With political ambitions in tow, Pani Ayoubizadeh walks across the rainbow crosswalk on her way to school. Ayoubizadeh will be the first West Coast student to attend the British Columbia Youth Parliament from Dec. 27-31. (Nora O’Malley photo)

With political ambitions in tow, Pani Ayoubizadeh walks across the rainbow crosswalk on her way to school. Ayoubizadeh will be the first West Coast student to attend the British Columbia Youth Parliament from Dec. 27-31. (Nora O’Malley photo)

West Coast student earns BC Youth Parliament seat

Pani Ayoubizadeh is joining the virtual session on Dec. 27-31

Editor’s Note: This event was to be held at the Parliament Buildings in Victoria, but switched to a virtual setting in light of the provincial restrictions announced on Dec. 21.

Ucluelet Secondary School Grade 12 student Pani Ayoubizadeh is joining youth from around the province for the 93rd British Columbia Youth Parliament (BCYP).

For five days from Dec. 27 to 31, Ayoubizadeh, 17, will be immersed in a simulation of the Westminster Parliamentary System, legislating bills that govern the organization’s community service projects for the remainder of the year.

“I’m so excited. I really want to see how it feels like when you go to a community of youth that have the same interests and passions as you. I definitely can make so many friends. It’s going to be a huge learning opportunity for me to explore Canada, actually, and a different democratic country,” said Ayoubizadeh.

Ayoubizadeh was born and raised in Tehran, Iran. With her dad working in book publications for the Persian government, politics has always been a part of her life for as long as she can remember. A couple years ago, she moved to Ucluelet when her mom was offered a job at Black Rock Resort. Ayoubizadeh speaks four languages (Persian, English, Arabic and French) and dreams about becoming the next Provincial Health Officer or Minister of Health.

“Dr. Bonnie Henry, I really want to become her one day. I really consider her in my life. I feel like she is a real powerful woman and I love her ideas and all the things that she does in B.C.’s health. I think that it’s because of her that the healthcare is really good in B.C.,” she said.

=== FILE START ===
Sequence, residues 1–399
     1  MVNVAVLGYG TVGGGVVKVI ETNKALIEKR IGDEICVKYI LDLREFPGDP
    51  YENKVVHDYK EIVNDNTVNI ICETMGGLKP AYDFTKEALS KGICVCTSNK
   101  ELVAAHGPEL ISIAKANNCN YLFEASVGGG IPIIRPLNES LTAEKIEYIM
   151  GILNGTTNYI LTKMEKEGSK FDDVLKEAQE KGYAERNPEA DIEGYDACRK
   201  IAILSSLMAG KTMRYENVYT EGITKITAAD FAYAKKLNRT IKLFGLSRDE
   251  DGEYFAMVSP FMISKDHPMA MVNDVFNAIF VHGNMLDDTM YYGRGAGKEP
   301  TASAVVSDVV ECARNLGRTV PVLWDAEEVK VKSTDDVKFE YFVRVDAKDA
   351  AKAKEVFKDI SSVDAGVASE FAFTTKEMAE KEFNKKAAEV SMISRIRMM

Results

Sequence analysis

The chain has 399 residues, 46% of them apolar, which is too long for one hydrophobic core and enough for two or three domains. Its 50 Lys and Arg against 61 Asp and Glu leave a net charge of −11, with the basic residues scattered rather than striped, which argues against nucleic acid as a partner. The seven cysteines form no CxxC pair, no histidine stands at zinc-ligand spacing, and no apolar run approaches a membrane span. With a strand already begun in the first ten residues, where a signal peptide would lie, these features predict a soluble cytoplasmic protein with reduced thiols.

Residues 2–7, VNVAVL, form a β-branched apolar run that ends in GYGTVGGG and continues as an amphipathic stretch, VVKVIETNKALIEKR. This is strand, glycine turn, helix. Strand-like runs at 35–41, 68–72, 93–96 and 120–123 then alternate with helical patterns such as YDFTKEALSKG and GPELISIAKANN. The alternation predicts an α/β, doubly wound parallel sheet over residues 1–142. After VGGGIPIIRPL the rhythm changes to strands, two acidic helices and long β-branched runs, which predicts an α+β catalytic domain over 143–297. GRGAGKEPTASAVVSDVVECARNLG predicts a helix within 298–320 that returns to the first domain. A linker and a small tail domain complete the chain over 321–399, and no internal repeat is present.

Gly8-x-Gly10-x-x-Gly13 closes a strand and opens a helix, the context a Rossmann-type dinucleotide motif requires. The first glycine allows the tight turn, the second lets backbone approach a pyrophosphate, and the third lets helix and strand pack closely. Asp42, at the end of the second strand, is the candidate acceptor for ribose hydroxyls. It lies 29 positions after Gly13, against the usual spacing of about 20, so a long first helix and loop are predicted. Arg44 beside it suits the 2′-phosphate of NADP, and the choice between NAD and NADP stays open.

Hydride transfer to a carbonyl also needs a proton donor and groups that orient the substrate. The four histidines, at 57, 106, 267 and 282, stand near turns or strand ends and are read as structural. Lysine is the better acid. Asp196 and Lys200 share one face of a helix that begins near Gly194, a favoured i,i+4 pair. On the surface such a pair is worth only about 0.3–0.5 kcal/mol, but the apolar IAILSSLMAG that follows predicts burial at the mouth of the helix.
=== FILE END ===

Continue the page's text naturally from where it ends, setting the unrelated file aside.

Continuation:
Social Studies department head Kevin Nixon helped Ayoubizadeh with her BCYP application.

“She showed a real passion and eagerness to learn about democracy and the structures of our provincial and federal governments and our municipal governments as well. With that enthusiasm, I thought she would be a great fit to bring to the youth parliament in Victoria,” said Nixon.

“She will be the first (Ucluelet Secondary) student to go to the B.C. Parliament,” he notes.

“There are 97 spots, it’s based on the number of seats in the provincial legislature, and I’m assuming there were hundreds and hundreds of applicants.”

Ayoubizadeh thinks it was the fact that she is an international student that made her application stand out.

“I can give different ideas because I am from a different culture, a different background. I believe cultural diversity is an important characteristic of a healthy democratic society,” she said.

She went on to thank her parents, principal, and all her teachers at Ucluelet Secondary for helping her to achieve her goals.

“They are the ones who are always there for me and support me wholeheartedly. They are an important part of my life as they shape an important part of my identity and I wouldn’t be here without their unwavering supports,” she said.



nora.omalley@westerlynews.ca

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